What makes cork so sustainable?
Cork is becoming increasingly popular as a sustainable material, and no wonder. After all, cork offers an incredible number of positive properties like no other material. But what exactly is cork, how is it produced and what actually makes the material so environmentally friendly? In this article, we'll explain what cork is all about and why we chose this natural material for our products.
Cork - a versatile, natural material
When it comes to cork, most people first think of cork bulletin boards or wine corks. However, the natural product has much more to offer: Due to its excellent heat and sound insulating properties, cork is, for example, a popular material for flooring, wall cladding and sound insulation. Due to its buoyancy, the material was also used in shipping for a long time to make life rings and buoys before it was replaced by the supposedly cheaper Styrofoam and fell into oblivion for a while. With increasing environmental awareness, cork is fortunately used more often nowadays as it is being used in the production of fashion accessories and everyday items such as cork handbags, backpacks, wallets, cell phone cases and even yoga mats.
Besides its beautiful natural look, cork is very light, elastic, waterproof, flame retardant, buoyant, antibacterial and resistant to weathering as well as termites. And last but not least, cork is a renewable resource that is 100% sustainable, environmentally friendly and recyclable. This makes cork the ideal material not only for sealing wine bottles, but also for making sustainable accessories and items for everyday use.
Where does cork actually come from?
Cork is a naturally growing raw material obtained from the bark of the cork oak. The evergreen cork oak has existed for several million years and is a typical tree species in the western Mediterranean and North Africa. The world's largest exporters of cork are Portugal and Spain, which together account for about 75% of global cork production. On the Iberian Peninsula alone, 300,000 tons of cork is produced annually.
Over time, the cork oak has learned to adapt to the sometimes harsh conditions of the Mediterranean coast and has developed a particularly thick bark of cork, which protects the sensitive inner layer of the tree from drought, forest fires and strong temperature fluctuations. And it is precisely this thick layer of cork that distinguishes the cork oak from other trees and makes it so interesting for us humans.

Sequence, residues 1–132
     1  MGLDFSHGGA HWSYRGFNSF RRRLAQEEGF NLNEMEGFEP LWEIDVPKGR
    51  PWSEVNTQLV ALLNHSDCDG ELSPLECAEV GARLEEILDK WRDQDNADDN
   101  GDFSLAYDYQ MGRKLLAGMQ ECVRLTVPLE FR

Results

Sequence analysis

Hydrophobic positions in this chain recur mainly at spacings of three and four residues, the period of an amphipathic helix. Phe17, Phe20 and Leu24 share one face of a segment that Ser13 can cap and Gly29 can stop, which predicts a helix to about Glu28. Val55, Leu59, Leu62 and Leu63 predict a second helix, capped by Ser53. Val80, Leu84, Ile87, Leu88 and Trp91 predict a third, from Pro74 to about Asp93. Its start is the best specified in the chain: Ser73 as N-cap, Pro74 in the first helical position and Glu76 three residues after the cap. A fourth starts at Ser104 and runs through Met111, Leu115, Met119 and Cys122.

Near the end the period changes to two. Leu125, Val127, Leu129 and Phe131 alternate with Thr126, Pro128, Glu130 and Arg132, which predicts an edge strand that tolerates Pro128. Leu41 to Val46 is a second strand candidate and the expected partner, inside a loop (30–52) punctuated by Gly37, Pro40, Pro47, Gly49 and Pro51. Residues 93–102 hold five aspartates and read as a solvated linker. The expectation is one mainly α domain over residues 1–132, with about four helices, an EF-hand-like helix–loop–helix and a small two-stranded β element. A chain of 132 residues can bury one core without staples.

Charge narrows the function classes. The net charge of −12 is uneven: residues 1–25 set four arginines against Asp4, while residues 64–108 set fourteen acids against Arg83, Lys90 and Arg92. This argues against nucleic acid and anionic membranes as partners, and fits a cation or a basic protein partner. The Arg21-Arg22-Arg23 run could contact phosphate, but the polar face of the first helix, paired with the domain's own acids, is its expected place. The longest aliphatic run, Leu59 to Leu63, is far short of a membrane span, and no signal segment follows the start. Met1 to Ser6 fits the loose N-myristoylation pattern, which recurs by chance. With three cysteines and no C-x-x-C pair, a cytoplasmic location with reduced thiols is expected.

How is cork extracted?
It takes 25 years before a cork oak can be harvested for the first time. After that, the tree can be harvested about every 9 to 12 years, with the best quality cork being achieved at the second, third and fourth harvests. Cork oaks can live up to 200 years, in exceptional cases even up to 500 years. This results in up to 19 harvests over the course of a lifetime.
The great thing is: not a single tree has to be felled to harvest the cork, only the bark of the tree is peeled off. Thereby the cork oak is the only tree in the world whose bark can be harvested from the living trunk. The harvest takes place between May and August and is carried out by experienced harvesters who peel the cork by hand, taking strict care not to injure the delicate trunk of the tree during the harvest. The special procedure of cork harvesting is supervised by the government and has been passed down for generations.
Was macht Kork so umweltfreundlich?
What makes cork so environmentally friendly?
A cork oak tree that is regularly harvested absorbs up to three times more CO₂ from the air than those that are never peeled in their lifetime. This is because after each harvest, the cork oak absorbs more CO₂ to regenerate the bark. In addition, a cork oak that is harvested regularly becomes more resistant to fire and forms thicker layers of cork. Therefore, the active planting and use of cork oaks by humans represents a positive contribution to climate protection with an excellent ecological balance. The state-supervised cultivation and strictly controlled harvesting laws ensure that cork oaks are reforested and not overharvested.<
Cork oaks are a home for many animal species
Cork oak forests are among the most biologically rich biotopes in the world. They are home to many different plants species and a whole range of endangered animals. The Iberian Lynx, which is considered the most endangered wildcat species in the world, finds it's home in cork oak forests where it's survival is closely linked to the preservation of it's habitat. However, the construction of roads, railroad lines and gas pipelines, as well as the planting of monocultures such as eucalyptus and pine forests, threaten its habitat and hunting grounds. The use of cork promotes the preservation and reforestation of cork oak forests, which ultimately helps secure the habitats of the Iberian lynx and many other species.
Yoga mats made of cork
Treehuggr uses sustainably harvested cork from Portugal for it's yoga mats and accessories. We have deliberately chosen cork for our mats, because the material meets all our requirements for truly sustainable products. The undersides are made using cork powder, a residual product of cork production, and recycled latex. This way, not so many new resources need to be used to produce our mats. Local production in Portugal also means that long transport routes can be avoided. We (and our costumers) can feel good about contributing to the preservation of a traditional Portuguese craft as well as help protect of the valuable cork oak forests and it's inhabitants.